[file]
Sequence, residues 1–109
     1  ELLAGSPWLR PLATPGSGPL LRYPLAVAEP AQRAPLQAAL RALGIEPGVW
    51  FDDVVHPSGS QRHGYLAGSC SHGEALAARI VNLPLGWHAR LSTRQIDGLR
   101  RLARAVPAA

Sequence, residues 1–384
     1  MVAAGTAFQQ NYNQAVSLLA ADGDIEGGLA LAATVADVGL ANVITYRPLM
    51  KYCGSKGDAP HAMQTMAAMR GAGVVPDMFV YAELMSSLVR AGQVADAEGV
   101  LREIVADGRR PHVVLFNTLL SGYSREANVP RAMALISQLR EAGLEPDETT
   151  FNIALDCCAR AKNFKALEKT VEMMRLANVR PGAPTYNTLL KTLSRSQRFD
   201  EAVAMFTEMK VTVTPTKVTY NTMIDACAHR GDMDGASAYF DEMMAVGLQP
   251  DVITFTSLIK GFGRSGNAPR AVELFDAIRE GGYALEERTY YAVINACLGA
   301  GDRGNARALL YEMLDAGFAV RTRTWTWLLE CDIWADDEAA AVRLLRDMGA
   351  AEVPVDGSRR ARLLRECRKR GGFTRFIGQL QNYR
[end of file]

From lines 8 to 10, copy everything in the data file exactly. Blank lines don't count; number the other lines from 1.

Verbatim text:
   101  LREIVADGRR PHVVLFNTLL SGYSREANVP RAMALISQLR EAGLEPDETT
   151  FNIALDCCAR AKNFKALEKT VEMMRLANVR PGAPTYNTLL KTLSRSQRFD
   201  EAVAMFTEMK VTVTPTKVTY NTMIDACAHR GDMDGASAYF DEMMAVGLQP